Civil-society organizations (CSOs) in the region disclosed that the Asian Development Bank (ADB) spent a total of $4.7 billion to finance various gas projects.
In a news statement, CSOs said gas expansion poses one of the greatest threats to meeting the goals of the Paris Agreement and averting the very worst impacts of the climate crisis.
They said financing these projects undermine the commitments made by the Manila-based multilateral development bank to further its climate and efforts to achieve a “prosperous, inclusive, resilient, and sustainable Asia and the Pacific.”
“The ADB is meeting to discuss ‘collaboration for resilient and green recovery,’ but every dollar the ADB spends on gas and other fossil fuels undermines those efforts. Recovery can only be green and sustainable if the recovery funds do not include any support for dirty gas, coal and oil projects, which are fueling the climate crisis and harming communities and ecosystems,” Sophie Richmond, coordinator of the Big Shift Global said.
According to Carbon Brief, gas played a larger role in increasing global emissions than coal in every year between 2013 and 2019.
Of the ADB’s $4.7 billion in financing for gas, the majority was allocated for gas-fired power plants at 44 percent and exploration/extraction at 21 percent, according to the analysis by the Fossil Free ADB coalition and Oil Change International.
The Fossil Free ADB campaign was created by the coalition to prompt the ADB to stop fueling the climate crisis and end financing for fossil fuels.
“The ADB knows better. The Bank knows fossil fuel energy is a key driver of climate change and that its members are among the most climate-threatened in the world, and yet the ADB still finances fossil fuel projects in our region. We demand the ADB stop financing coal, gas and oil,” Lidy Nacpil, coordinator of the Asian People’s Movement on Debt and Development (APMDD) stated.
Further, the coalition said the ADB is playing a critical role in laying the groundwork for gas infrastructure development and expansion in Asia through its technical assistance program.
The ADB approved $11.1 million in technical assistance grants from 2016-2020 to help governments prepare to build out gas pipelines, power plants and LNG terminals across Asia. These grants have had an outsized impact per dollar relative to loans and guarantees.
The coalition is calling on ADB to scale up investments for renewable energy, including grants available for public and social ownership of integrated systems, energy efficiency, community microgrids to maximize energy access, and just transition for workers and communities dependent on fossil fuel production.
To demonstrate real climate leadership, the ADB must align all financing and activities—including private sector financing and financial intermediation—with a high probability 1.5 degrees celsius emissions pathway and ensuring meaningful consultation with impacted communities.
“The climate crisis sends us a clear warning: we can’t keep powering our lives with dirty fuels from the last century. It’s time to power our communities with clean, renewable energy. To do so, we need financial institutions like the Asian Development Bank to immediately stop lending money for coal, gas and oil projects. We demand their leadership in this transition by excluding fossil fuels in their investment portfolios and by putting in place more stringent environmental safeguards in their investment policies,” Chuck Baclagon, regional campaigner at 350.org, Asia said.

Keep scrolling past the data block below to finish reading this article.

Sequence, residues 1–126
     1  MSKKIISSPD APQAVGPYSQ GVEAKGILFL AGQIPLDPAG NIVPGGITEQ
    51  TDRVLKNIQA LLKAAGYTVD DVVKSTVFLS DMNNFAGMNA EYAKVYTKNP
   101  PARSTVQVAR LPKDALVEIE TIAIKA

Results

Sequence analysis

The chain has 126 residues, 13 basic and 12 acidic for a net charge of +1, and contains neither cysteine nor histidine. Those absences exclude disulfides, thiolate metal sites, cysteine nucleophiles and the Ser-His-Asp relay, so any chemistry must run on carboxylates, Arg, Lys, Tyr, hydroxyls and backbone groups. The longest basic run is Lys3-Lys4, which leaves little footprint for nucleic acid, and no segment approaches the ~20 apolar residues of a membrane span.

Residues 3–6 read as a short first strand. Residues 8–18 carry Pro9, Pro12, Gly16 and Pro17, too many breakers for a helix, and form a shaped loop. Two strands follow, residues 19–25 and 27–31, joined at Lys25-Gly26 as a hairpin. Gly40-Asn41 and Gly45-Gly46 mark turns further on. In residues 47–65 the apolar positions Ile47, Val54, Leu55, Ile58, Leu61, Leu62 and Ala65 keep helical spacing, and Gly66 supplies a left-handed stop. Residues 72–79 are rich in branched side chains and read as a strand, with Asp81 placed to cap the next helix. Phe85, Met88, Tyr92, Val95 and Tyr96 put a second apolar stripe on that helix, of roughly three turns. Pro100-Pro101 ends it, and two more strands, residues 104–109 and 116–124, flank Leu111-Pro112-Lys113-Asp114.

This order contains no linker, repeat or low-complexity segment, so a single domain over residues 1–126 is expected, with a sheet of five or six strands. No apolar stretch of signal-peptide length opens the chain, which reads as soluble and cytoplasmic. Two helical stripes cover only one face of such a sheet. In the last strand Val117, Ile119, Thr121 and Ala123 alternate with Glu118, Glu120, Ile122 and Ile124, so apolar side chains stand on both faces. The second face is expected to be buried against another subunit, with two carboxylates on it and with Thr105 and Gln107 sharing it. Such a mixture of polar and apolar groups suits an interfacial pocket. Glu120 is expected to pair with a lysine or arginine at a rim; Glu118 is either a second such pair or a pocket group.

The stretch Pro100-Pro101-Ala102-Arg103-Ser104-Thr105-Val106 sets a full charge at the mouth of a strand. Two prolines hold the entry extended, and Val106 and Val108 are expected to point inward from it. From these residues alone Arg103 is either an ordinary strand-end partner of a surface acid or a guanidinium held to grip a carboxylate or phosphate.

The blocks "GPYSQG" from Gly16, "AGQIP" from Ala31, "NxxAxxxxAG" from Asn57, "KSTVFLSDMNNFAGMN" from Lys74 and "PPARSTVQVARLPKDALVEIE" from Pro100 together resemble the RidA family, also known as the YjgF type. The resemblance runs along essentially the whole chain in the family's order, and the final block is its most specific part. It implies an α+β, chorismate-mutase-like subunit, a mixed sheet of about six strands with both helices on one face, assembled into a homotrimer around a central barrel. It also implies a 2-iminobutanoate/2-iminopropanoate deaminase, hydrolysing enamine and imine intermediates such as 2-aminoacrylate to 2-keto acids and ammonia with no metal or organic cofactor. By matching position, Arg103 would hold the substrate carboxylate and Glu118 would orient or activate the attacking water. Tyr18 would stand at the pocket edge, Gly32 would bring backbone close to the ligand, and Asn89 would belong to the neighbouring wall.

Meanwhile, NGO Forum on ADB network believes ADB can do more to minimize damage to the environment and the communities it serves, particularly now that the bank is also updating its 2009 Safeguard Policy Statement (SPS).
In a separate news statement, NGO Forum on ADB noted that in a 2015 report of its Independent Evaluation Department (IED), the bank has not yet delivered its safeguards effectively due to its reliance on consultants.
Further, the IED has also recommended in its 2020 report that Country Safeguard Systems are not ready in the region to deliver on ADB SPS. Therefore, the onus remains on ADB to ensure that its safeguards are provided across all operations.
“The safeguards review should address the problems identified by the IED report in 2015 and 2020 about non-effective safeguards delivery, noncompliance of FI and ignorance of the weaker CSS of the borrowing countries. If the root causes of those problems are not addressed, even the new ‘modernized’ SPS—as the ADB safeguards team loves to say— would face the same problems in the implementation,” said Titi Soentoro of Aksi!, an organization focused on gender, social and ecological justice in Indonesia.
To ensure vulnerable groups, women, children, Indigenous Peoples, and people with disabilities are not harmed by ADB operations, NGO Forum on ADB said the upcoming ADB SPS review has to ensure that project-affected communities and civil society are meaningfully consulted in the process.
In essence, the ADB SPS is all about the communities and civil- society advocates who support and advocate for them throughout ADB operations.
NGO Forum on ADB Policy Analyst Nadeen Madkour also said there is a need to focus on affected communities. He noted that in 2017, a gas cylinder blast claimed the lives of six Vietnamese workers in the ADB-funded Nam Ngiep 1 Hydropower Project in Borikhan, Lao.
Madkour also said a similar incident occurred in Cambodia where a “social and physical cataclysm” followed the resettlement of more than 4,000 families living on the dilapidated railway tracks.
“The bank’s projects particularly those operationalized by the Private Sector Operations Department [PSOD] have been linked to the grave human-rights violation,” Madkour said.